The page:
I checked out the motor manual and found the water pump body is supposed to come out. I scraped a fingernail along the separation line between the brass pump and the front housing and was able to twist and pull it off with no small effort.
The high pressure pump came off next after loosening two bolts in the top. There is a plate that compresses against the spring that I pulled out very carefully.
I left the water pump and fuel pump on top of the tank.  I noticed the sump had collected about 1-2 quarts of dark oil, so I will have to try using the bilge pads I picked up at the Grand Marina in Alameda yesterday.
Next, I loosened but did not yet remove the ten 10mm bolts that secure the front if the engine.
I loosened the alternator pulley nut and the bolts that secure the housing and pulley guard (one of which us a 1/2″ hex bolt, the lower is 13mm) using the impact wrench. I was able to then slip off the alternator pulley and belt.
Next, I used the impact wrench set on high and counterclockwise strike to loosen the bolt on the harmonic balancer pulley. It has a key and will require a gear puller to take it off fully. Unfortunately it’s Sunday and Harbor Freight closed early, but neither of those points occurred to me before I drove all the way out there.
Theoretically, after I pull off the pulley and deal with the manual starter shaft I should be able to take the front if the motor off. That’s an exciting moment.  I don’t know if I will succeed in repairing the motor, but getting it out of the boat now seems like a big step in the right direction. Without having a mast up I don’t have a fulcrum to support the tackle necessary to pull the motor out intact, so I believe disassembling it will be the best way to get it out do I can deal with the leaking tank.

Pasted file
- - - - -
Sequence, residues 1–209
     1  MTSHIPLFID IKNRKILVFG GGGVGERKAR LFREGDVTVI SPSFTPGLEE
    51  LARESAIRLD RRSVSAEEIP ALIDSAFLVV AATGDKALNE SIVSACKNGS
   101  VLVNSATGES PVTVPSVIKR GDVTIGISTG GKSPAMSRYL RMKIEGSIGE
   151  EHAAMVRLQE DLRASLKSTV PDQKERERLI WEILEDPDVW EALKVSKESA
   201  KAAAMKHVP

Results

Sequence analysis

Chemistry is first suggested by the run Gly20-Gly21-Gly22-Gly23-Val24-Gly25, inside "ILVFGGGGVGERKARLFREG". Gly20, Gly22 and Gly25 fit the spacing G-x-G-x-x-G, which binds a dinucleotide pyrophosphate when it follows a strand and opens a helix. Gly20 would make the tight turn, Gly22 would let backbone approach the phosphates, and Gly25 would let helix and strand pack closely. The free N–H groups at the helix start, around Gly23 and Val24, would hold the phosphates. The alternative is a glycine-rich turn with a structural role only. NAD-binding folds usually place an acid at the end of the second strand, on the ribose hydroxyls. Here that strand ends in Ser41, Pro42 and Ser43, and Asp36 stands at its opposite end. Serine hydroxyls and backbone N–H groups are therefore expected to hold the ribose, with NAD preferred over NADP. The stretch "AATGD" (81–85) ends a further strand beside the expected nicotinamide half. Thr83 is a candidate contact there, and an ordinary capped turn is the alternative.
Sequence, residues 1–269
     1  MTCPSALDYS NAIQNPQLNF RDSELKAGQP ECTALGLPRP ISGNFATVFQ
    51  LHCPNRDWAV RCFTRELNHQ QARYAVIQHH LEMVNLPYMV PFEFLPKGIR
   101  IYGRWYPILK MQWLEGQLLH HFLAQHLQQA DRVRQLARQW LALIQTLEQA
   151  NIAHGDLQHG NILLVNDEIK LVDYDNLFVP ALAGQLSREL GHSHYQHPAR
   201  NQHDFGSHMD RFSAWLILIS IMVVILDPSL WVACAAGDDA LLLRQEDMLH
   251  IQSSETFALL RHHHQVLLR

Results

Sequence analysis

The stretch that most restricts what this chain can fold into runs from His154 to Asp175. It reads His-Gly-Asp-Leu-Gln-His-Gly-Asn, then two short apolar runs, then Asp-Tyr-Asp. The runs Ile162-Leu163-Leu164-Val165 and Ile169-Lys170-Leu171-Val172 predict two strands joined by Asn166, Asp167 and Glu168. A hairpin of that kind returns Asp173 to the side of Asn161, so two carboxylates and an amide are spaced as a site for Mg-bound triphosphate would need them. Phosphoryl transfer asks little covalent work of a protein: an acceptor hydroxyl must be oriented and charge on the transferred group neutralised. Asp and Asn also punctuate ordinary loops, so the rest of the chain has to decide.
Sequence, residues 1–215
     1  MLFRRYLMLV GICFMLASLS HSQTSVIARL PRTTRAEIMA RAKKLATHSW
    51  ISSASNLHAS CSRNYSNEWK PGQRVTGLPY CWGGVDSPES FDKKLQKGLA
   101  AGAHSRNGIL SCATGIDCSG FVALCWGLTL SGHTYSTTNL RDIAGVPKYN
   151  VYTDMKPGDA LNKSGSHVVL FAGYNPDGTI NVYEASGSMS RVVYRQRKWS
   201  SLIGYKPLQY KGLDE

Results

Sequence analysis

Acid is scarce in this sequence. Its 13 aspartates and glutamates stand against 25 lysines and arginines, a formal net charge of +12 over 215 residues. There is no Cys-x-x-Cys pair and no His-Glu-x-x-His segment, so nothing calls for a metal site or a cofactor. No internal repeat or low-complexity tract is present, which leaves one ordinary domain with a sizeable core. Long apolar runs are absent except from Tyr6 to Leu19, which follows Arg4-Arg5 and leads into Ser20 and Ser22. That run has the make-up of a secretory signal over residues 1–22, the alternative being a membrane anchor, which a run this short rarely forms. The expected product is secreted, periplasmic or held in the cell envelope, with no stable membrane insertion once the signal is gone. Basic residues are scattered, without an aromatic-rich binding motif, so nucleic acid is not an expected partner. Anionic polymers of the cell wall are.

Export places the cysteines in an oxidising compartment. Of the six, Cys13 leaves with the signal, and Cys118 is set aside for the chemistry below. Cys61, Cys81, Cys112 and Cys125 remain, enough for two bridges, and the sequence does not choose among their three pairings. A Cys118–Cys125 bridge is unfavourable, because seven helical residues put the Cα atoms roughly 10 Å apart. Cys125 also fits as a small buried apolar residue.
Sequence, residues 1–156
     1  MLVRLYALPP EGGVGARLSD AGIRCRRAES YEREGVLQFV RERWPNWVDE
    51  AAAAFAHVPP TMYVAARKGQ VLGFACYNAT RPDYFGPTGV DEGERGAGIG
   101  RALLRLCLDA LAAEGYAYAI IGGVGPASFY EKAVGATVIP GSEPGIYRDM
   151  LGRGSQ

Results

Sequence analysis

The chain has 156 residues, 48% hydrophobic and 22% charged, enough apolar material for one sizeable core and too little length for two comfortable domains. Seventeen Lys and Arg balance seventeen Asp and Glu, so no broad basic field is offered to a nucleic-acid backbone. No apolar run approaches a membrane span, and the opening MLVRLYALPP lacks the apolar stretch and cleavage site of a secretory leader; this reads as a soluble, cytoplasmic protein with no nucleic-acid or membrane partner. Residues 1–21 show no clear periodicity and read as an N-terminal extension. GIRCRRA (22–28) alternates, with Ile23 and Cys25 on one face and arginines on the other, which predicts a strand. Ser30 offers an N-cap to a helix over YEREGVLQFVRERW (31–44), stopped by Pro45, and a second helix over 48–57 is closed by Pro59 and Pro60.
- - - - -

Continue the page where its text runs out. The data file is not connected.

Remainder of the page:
I loosened but did not remove the four tiny 8mm nuts that secure a bushing on some front gear. I don’t know why such tiny nuts are used, but they had some corrosion on them even though they’re fully painted.
Next step, maybe tomorrow is to make a quick trip to Harbor Freight to pick up a fear puller,  pull off the harmonic balancer pulley, loosen the hex head set screw that secures the manual start boss and see if I can’t take the front off the motor.

2012-12-28 Friday

It’s been a couple weeks since I added automatic transmission fluid to the exposed cylinder top of my Yanmar 8hp engine.  It doesn’t look much different today, although the boat’s a little out of plumb making the fluid a little off level.  I tried using a box wrench to turn the pulley nut to no avail.